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Jacob’s (Final) Playlist:

“The Number of the Beast” by Iron Maiden review

Now for my last album, I must do one that was truly a shining gem, a true supernova that really cemented a legacy that still lasts to this day. Iron Maiden is synonymous with peak heavy metal and delivering timeless classics that defined heavy metal itself.  


I chose “The Number of the Beast” because it’s one of the major metal albums of all time, launching them to the top of the U.K. charts and others globally.  


The album opens with “Invaders,” a song about how Vikings invaded numerous countries in the 1100s. Mixing history into metal has become a staple of Iron Maiden’s style– this song is just a warmup. 


Then we get a big hitter “Children of the Damned,” oozing with powerful vocals and roaring bass and classic riffs. It’s a master class on sound, music and how to make a gripping song. It’s named after the classic British horror film, inspired by “Children of the Sea” by DIO-era Black Sabbath. 


Next is “The Prisoner.” This one is based directly on an old British TV show by the same name about a secret agent that is held hostage in a village. Then, “22 Acacia Avenue,” the second song in the Charlotte story, continues on in later songs. 


The self-titled song is one of the greatest heavy metal songs. It opens by quoting the book of Revelations from the Bible. It doesn’t have Vincent Price reading it, because they apparently found a guy who sounded just like him, but for less money. 


The song includes an iconic master scream which describes the horror of witnessing a satanic ritual. It has incredible potency in the lyrics, the drums, the guitars and the bass, lining up to make quite the experience.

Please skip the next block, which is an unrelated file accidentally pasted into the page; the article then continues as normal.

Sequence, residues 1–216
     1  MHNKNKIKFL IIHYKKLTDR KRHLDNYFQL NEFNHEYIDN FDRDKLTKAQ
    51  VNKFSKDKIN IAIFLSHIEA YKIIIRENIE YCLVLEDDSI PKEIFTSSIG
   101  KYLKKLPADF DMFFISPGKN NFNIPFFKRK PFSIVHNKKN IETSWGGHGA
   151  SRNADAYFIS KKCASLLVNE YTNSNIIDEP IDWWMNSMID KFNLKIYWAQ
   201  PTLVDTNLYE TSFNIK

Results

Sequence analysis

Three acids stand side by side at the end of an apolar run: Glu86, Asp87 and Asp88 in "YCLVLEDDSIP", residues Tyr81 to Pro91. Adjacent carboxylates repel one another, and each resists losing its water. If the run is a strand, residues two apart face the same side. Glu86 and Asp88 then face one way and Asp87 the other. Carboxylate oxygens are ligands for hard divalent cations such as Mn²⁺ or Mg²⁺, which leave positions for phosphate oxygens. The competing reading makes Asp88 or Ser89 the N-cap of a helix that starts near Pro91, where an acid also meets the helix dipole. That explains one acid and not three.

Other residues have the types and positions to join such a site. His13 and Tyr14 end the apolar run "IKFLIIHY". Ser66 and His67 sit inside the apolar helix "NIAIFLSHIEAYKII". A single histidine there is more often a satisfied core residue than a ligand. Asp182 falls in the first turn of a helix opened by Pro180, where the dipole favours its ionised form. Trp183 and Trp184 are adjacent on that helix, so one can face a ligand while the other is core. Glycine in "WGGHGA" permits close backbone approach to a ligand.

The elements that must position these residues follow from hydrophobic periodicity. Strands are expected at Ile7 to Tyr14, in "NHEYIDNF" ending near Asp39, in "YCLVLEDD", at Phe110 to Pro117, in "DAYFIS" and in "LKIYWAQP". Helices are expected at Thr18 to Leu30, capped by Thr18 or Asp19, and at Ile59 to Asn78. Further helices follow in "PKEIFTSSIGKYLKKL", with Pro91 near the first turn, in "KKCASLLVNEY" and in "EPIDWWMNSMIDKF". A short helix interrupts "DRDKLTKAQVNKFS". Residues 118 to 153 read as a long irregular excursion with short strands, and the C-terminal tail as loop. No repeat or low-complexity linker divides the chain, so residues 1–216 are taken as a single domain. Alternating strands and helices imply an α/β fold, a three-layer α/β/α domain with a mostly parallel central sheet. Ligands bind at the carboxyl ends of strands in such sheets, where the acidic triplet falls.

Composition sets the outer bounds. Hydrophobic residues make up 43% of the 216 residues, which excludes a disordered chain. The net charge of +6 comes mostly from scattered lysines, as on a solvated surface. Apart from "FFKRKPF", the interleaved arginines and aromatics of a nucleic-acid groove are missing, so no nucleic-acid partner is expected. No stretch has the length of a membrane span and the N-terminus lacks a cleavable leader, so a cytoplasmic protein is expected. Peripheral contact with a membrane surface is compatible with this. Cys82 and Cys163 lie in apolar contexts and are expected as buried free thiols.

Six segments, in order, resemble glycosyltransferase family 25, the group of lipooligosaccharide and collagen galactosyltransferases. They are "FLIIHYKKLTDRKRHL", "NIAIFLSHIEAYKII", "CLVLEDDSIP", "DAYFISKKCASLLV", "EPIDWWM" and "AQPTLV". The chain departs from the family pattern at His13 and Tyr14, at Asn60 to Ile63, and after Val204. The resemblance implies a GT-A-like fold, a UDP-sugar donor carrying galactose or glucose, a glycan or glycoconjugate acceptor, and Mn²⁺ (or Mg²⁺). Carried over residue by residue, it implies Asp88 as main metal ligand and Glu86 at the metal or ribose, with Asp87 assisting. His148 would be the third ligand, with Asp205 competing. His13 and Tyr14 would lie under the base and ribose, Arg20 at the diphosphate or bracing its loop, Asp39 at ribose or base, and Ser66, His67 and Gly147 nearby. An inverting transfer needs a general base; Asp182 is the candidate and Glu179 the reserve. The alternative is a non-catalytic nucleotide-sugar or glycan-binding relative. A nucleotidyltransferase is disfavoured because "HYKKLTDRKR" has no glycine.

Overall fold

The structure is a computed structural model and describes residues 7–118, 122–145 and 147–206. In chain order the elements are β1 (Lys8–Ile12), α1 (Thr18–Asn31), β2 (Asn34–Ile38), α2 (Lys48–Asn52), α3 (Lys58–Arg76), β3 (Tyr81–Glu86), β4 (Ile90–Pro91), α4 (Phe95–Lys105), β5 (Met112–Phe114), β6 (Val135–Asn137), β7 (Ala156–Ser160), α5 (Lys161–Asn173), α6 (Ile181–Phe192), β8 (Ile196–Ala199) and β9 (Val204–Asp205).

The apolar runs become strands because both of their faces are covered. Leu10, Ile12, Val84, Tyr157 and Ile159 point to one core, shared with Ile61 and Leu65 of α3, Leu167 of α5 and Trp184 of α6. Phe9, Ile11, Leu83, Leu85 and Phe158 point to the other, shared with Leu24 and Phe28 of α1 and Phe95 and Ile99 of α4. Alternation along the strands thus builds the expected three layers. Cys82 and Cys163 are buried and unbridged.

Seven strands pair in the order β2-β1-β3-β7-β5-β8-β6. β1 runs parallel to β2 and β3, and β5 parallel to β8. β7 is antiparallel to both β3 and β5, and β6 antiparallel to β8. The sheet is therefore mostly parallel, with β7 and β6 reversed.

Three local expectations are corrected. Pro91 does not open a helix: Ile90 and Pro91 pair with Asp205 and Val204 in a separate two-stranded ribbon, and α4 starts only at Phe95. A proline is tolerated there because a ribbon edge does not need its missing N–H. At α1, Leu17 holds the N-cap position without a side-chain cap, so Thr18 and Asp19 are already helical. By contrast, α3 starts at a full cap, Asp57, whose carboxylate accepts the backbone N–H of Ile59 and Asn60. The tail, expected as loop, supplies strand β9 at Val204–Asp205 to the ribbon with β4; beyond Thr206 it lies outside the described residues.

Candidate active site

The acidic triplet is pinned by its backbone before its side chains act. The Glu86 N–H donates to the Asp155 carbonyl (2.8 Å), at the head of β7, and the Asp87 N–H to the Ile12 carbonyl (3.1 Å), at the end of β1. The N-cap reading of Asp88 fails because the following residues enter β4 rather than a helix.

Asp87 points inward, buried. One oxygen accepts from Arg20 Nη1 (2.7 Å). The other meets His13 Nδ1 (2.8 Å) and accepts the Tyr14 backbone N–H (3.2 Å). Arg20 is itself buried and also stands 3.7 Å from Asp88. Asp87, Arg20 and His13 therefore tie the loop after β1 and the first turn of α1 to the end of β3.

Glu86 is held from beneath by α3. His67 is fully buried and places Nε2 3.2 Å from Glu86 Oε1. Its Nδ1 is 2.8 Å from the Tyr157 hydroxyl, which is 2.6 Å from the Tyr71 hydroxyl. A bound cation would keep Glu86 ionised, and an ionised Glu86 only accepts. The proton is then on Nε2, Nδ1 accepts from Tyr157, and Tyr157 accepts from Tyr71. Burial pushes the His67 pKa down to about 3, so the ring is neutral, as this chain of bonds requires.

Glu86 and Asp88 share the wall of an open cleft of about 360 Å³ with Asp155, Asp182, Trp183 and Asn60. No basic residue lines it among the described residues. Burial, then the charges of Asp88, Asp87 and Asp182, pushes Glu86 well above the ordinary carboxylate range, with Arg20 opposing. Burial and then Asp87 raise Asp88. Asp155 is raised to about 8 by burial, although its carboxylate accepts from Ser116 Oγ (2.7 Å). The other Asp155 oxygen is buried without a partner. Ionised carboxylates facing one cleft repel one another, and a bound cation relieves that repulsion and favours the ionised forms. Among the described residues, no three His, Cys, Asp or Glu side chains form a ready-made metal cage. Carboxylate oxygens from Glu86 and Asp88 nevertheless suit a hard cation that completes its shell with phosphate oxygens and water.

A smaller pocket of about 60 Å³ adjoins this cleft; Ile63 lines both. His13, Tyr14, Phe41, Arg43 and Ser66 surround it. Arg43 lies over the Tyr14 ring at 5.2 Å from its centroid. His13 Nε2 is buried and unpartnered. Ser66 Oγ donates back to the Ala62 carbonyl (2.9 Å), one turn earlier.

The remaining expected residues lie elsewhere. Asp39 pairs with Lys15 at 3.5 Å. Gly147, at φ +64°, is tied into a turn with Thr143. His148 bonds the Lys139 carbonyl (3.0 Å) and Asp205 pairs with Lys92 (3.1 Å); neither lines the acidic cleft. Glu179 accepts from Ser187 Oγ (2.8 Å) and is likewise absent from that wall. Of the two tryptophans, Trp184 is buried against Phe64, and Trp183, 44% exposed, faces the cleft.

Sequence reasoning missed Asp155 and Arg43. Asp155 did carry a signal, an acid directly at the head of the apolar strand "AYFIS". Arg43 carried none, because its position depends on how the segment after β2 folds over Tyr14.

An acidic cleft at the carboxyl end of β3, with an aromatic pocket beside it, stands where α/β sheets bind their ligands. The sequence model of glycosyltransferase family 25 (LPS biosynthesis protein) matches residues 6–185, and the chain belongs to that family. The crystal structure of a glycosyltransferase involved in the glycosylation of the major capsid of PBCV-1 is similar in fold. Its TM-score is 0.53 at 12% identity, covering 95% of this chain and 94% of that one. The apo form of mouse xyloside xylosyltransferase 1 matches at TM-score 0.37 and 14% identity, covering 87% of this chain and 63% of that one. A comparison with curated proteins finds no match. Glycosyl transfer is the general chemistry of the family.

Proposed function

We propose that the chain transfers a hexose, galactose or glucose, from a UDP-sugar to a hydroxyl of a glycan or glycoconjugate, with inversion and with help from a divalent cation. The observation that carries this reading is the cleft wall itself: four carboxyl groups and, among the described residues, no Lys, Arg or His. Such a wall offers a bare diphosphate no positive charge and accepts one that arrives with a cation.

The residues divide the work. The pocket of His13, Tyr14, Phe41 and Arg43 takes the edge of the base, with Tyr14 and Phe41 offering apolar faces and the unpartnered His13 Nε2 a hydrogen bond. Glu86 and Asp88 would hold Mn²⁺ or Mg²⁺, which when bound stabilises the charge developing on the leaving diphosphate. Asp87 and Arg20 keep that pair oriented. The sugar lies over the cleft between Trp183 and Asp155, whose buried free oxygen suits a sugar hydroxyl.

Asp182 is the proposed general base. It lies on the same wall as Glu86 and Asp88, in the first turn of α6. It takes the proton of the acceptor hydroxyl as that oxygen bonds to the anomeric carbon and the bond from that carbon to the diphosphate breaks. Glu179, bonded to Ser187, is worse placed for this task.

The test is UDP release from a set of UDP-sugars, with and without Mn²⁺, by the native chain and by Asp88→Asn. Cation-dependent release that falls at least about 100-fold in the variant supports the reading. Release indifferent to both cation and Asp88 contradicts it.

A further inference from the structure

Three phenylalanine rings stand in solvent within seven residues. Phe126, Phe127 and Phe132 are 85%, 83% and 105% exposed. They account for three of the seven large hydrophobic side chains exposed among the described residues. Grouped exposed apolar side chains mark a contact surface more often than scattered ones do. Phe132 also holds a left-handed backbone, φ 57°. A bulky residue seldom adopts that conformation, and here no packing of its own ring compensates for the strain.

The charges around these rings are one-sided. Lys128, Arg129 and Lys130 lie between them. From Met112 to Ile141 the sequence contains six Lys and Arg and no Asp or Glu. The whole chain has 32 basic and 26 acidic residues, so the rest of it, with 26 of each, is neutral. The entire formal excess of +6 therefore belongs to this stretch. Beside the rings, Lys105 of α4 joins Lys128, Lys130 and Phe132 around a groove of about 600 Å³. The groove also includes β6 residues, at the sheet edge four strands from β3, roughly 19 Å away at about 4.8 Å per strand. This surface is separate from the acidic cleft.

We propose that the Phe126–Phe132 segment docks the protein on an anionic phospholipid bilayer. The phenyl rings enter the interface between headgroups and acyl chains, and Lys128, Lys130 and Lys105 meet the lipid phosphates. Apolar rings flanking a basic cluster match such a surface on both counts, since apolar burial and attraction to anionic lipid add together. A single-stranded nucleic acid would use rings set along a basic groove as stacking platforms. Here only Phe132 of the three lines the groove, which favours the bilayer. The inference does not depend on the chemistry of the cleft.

Following is another absolute gem, “Run to the Hills,” detailing the conflicts and tension between the Native Americans and the European settlers. This song gives perspective from both accounts and is one of the band’s most powerful songs.  


“Run to the Hill” is a beautiful composition of riffs, a chorus blaring with a master harmony and having some of the best vocals off the album. It was one of Bruce Dickinson’s best vocal performances, despite contractual issues. 


I think the next song, “Ganglands,” receives far too much hate for what it is. Yes, it doesn’t match the vibe or tone of the album, but otherwise, it tells a good story.  


Ending with another masterful work is “Hallowed Be Thy Name,” named after an important line from the Lord’s Prayer. This song details a prisoner’s struggling process of accepting his execution. This song has unforgettable lines and playing that showcase the skill of Iron Maiden. 


For my top picks, I easily choose “Children of the Damned,” “The Number of the Beast,” “Run to the Hills” and “Hallowed Be Thy Name.” These songs are easily the go-to for excellence in music. 

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